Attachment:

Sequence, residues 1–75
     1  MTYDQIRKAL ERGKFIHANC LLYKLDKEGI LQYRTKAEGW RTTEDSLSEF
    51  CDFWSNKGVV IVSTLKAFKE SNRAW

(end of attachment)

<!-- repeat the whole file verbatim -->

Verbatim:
Sequence, residues 1–75
     1  MTYDQIRKAL ERGKFIHANC LLYKLDKEGI LQYRTKAEGW RTTEDSLSEF
    51  CDFWSNKGVV IVSTLKAFKE SNRAW